A serif font has a classic look and is typically regarded as communicating something to consider, like looking at abstraction or an art piece. We’re most often exposed to these types of fonts when absorbing information for recreation or education. They are often found in both fiction and non-fiction books and novels as well as full-on textbooks. This style of font is read as something with substance. Something to learn.
The two examples below are Helvetica and Nexa Lite, both sans-serif fonts, these letters don’t have those fancy design points.
A sans-serif font is most often associated with quick, factual information like directional signage, use instructions or public documents. This has its own set of benefits in that this font can provide high-impact communications quickly, it’s more visible but less connectable.
There are thousands of things to consider with font choices…
Should you use a custom font? A custom font can not only make a huge visual statement, allowing it to stand out as well as add significant production value to the project.
3. Be Bold. Be Simple.
If you are looking for a wide audience of clients, you do not want to blend in with the crowd. While it is beneficial to check out the competition from time to time, avoid copying their design or you will just go unnoticed.
A strong logo can make a huge impact, but just because you’re trying to be different doesn’t mean you should be overly complicated. Keep your design simple and easy to reproduce in several mediums. Consider how it will translate when it’s printed on business cards, letterhead, and even t-shirts.
Tip: Start with solid black and white – we have a rule-of-thumb that any logo should be able to stand strong on its own – and be recognizable – in solid black and white. This helps you avoid common logo pitfalls like gradients or overly-complicated embossing. See tip five.
4. Understand Your Brand
Your brand is not your business. It’s normal for a business owner to not understand their brand. Many try to personalize it when it shouldn’t be personalized; and others distance themselves from the brand, when in fact it’s deeply personal and their business is all about them. Some owners make design choices based on personal preference rather than listening to their customers or an objective 3rd party. If an owner is too deeply mentally invested into one aspect of the business (for instance) he/she may be missing the greatest value proposition the business has to offer. This is when it’s necessary to guide you as a business owner.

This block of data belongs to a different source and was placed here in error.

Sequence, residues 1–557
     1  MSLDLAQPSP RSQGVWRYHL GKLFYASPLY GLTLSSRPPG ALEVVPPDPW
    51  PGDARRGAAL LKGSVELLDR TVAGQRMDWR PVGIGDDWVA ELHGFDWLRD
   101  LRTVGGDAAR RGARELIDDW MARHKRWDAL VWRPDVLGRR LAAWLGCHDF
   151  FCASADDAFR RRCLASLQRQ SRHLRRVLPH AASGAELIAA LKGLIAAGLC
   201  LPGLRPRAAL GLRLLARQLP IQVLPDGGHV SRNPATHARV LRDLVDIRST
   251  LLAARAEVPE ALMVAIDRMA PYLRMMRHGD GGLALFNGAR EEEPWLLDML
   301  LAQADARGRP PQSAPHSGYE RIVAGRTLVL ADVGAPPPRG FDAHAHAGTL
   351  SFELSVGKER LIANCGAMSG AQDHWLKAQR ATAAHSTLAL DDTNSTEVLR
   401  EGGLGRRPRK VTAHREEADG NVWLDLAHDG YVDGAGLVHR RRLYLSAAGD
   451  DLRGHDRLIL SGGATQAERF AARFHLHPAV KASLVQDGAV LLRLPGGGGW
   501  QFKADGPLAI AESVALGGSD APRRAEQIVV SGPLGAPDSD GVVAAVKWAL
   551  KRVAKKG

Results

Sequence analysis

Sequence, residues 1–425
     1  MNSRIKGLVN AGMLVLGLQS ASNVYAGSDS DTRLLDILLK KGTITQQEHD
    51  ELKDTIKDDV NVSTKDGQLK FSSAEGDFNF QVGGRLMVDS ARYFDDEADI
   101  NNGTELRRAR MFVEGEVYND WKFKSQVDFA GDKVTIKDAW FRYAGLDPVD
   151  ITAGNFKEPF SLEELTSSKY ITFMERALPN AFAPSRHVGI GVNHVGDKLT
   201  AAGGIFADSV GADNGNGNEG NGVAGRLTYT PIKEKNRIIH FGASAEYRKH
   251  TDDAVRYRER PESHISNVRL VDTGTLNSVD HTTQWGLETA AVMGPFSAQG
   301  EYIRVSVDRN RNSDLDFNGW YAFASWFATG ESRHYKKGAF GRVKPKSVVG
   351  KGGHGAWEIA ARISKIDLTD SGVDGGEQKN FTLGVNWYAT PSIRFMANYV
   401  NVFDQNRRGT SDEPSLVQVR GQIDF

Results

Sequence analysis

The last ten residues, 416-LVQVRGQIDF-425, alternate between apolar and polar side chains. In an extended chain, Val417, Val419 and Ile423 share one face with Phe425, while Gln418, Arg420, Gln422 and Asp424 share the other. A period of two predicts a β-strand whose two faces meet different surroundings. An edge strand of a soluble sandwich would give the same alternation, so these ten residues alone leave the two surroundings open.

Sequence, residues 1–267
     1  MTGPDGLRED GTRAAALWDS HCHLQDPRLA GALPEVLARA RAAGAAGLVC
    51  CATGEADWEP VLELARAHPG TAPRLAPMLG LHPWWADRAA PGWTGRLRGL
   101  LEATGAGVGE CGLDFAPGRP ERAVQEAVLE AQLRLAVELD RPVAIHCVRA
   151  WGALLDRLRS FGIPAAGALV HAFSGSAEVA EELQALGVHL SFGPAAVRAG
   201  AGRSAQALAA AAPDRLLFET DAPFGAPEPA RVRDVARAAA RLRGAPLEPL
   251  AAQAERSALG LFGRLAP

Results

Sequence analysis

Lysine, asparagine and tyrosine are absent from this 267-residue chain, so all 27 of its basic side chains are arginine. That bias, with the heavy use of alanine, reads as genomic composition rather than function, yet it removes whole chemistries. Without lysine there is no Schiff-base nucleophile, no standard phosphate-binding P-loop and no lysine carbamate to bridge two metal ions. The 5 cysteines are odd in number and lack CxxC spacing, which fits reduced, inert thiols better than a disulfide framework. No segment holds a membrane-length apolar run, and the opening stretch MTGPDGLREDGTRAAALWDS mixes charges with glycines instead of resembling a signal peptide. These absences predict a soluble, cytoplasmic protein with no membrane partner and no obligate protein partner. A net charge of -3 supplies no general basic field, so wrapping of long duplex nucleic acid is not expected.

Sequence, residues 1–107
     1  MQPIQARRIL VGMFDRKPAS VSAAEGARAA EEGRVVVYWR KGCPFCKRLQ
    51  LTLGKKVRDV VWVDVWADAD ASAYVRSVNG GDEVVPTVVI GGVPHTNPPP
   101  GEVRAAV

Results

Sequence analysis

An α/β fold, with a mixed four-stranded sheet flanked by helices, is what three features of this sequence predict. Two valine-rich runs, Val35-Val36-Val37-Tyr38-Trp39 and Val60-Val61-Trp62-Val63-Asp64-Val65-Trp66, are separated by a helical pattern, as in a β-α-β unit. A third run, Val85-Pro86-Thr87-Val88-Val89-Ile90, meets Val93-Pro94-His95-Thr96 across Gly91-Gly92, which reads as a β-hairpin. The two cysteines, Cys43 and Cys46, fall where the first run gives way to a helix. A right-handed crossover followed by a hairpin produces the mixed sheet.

Here are some things to consider when you’re trying to understand your brand and how it relates to your business.
What is my goal day-to-day?
What is my goal in five years?
What are some unique aspects of my product and services?
What should customers say about my business to their friends?
What reputation do I want to form for my company?
Why would/should a potential customer choose my product or service?
How does/should my product or service make someone feel?
5. Design Without Colour First
Bonus: Seek Customer Feedback, if Possible.
If you’re rebranding – or have an existing clientele and are considering a direction change – make sure you get customer feedback in some form or another. It is important that you study your target audience. Understand their desires and habits. What do they want that you are willing and able to provide other than what you already sell? This may be an opportunity to line up a new product or service. Why not use a re-brand to your advantage. Are they asking for another purchasing method? Or faster delivery? Maybe they are asking for directions; or looking for a solution for a particular problem within your market. A great brand should also be able to adapt, but that’s another different article.